It’s a pretty fantastic world we live in these days, especially when it comes to mobile technology. Hours upon hours of entertainment lay at our fingertips, available virtually any place, anytime, all from a sleek little device that fits in your pocket. However, as convenient and wondrous as smartphones are, there’s still something to be said for watching your favorite content on a big, flat-screen TV. For those who access more content from their tablet or smartphone than anywhere else, that big screen in the living room can create some serious size envy.
So why can’t you have your cake and see it too? You can, thanks to the magic of mirroring. A rapidly growing arsenal of devices now exists to allow anything on your phone or tablet to be mirrored on your TV. For those looking to marry the second screen with the screen that started it all, we’ve put together this list of the best, most convenient, and most affordable ways to do so. We’ve done all the research for you, so dive right in and pick your poison.
Apple TV ($150-200)
Not to be confused with the mythical stories of the actual television that Apple has been rumored to release, the Apple TV set-top box is a streaming device that competes head-to-head with Roku devices (see below), Amazon’s Fire TV, and others streamers. Boasting a wide selection of apps, an intuitive touch remote, and access to Apple’s “walled-garden,” iTunes, the Apple TV is a great choice for those entrenched in the Apple ecosystem.
What makes it great for our purposes is Airplay. The proprietary system is a brilliantly simple way to mirror video, audio, and pretty much any other content wirelessly from your iOS device to any display with an HDMI input, done by swiping up from the bottom of the screen and clicking the Airplay symbol in the quick menu (which looks like a square with a triangle through it). And Airplay mirroring is really just the start. Savvy users can find all kinds of interesting ways to use the box as a media or smart home hub. Even if an iPhone is your only piece of Cupertino currency, the Apple TV makes a lot of sense as the mirroring device of choice.
Read our Apple TV hands-on review
Roku’s growing selection of streaming devices are perennial favorites among reviewers and consumers alike. What really makes Roku fly is its ridiculous selection of apps, which numbers well over 1,000, and the latest models also support 4K content — something the Apple TV can’t do. Better yet, while the Roku family was long bereft of any real native mirroring, the company has updated its devices, allowing for its newer models, including the Roku 4, Roku 3, and Roku Streaming Stick (HDMI) to offer straight-up screen mirroring for Android and Windows devices.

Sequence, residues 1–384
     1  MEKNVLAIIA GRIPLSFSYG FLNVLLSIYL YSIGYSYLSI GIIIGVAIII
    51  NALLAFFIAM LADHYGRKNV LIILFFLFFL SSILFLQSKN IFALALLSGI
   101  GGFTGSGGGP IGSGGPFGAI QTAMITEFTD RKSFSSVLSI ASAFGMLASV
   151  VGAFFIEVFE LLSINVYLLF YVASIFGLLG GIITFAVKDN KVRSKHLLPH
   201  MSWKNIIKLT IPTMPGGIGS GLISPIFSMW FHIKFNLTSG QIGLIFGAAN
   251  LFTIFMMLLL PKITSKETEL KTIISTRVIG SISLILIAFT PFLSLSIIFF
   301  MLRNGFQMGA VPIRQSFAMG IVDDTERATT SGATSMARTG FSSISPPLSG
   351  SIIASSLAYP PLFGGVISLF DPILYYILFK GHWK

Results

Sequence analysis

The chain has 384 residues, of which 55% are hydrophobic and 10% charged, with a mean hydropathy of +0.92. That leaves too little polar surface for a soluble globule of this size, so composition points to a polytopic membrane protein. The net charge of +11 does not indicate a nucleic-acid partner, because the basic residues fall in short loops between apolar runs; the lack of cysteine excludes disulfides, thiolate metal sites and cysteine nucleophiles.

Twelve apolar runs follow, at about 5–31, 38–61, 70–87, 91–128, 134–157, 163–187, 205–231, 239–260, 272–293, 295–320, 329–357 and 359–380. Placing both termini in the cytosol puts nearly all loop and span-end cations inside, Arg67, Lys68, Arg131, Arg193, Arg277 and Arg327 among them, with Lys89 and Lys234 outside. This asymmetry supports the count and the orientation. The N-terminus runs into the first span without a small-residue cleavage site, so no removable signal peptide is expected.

The service is available for Android devices running 4.2 or higher, Windows 8 phones or higher, and Windows PCs running 8.1 or higher. Your “hardware must support screen mirroring,” according to Roku, though most devices do in one form or another. Google Devices running OS 6.0 or later are not supported. For Android devices, Roku notes that there are many terms used for mirroring, including Smart View, Quick Connect, SmartShare, AllShare Cast, Wireless Display, HTC Connect, Screen Casting, and Cast. Once you’ve identified the correct terminology, you can usually connect mirroring from inside the settings menu, usually identified by “network” or “display” headings.
For Windows 8.1 devices, you can mirror by following this Microsoft article. For Windows 10 devices, open the Action Center, select Project, select Connect to a wireless display, and then select the Roku device on your network.
Now iOS users can also sling their favorite content to the Roku with a few popular apps including and Twonky Beam, and AllCast (our preferred method).The latter takes some time to setup: The platform requires you download the AllCast app to both your streaming device, as well as your phone. You’ll then need to update the app on your phone to the $5 version (otherwise you’ll be limited to a few minutes of video playback.) However, once done, AllCast is the bees knees for iOS mirroring to devices other than Apple TV.
Roku’s iOS app also has the ability to stream from iOS devices with an Airplay-esque protocol simply called ‘Play’. However, Play is reportedly less efficient than Airplay itself. And most troubling, it won’t stream music and video content purchased directly from iTunes – hence the phrase ‘walled garden’ above.
Read our full Roku 4 review here.
Amazon Fire TV ($50-140)
After much fanfare, Amazon’s Fire TV made its debut in April 2014, with a faster, more capable follow-up arriving in September 2015. The new Fire TV is offered in three models, including the regular Fire TV with 4K streaming, one with an added gaming pack, and a new Fire TV Stick with voice-operated command.
Naturally, it didn’t take long before the Fire TV added native mirroring for Android devices via Miracast, though at first users had to have their device tethered to the same Amazon account as their box. But thanks to an update any user with a compatible device can get in on the fun. Enabled devices include Android devices running 4.2 Jelly Bean or higher, Amazon’s Fire HDX tablet, and the Fire Phone (if anyone still has one).
Just like the Roku, iOS users will find AllCast is the way to go when it comes to transmitting videos, photos, and other media to the Fire TV from outside the Android mafia. Another app to try out is Reflector 2, which also works with iOS devices.
Read our full second-gen Fire TV review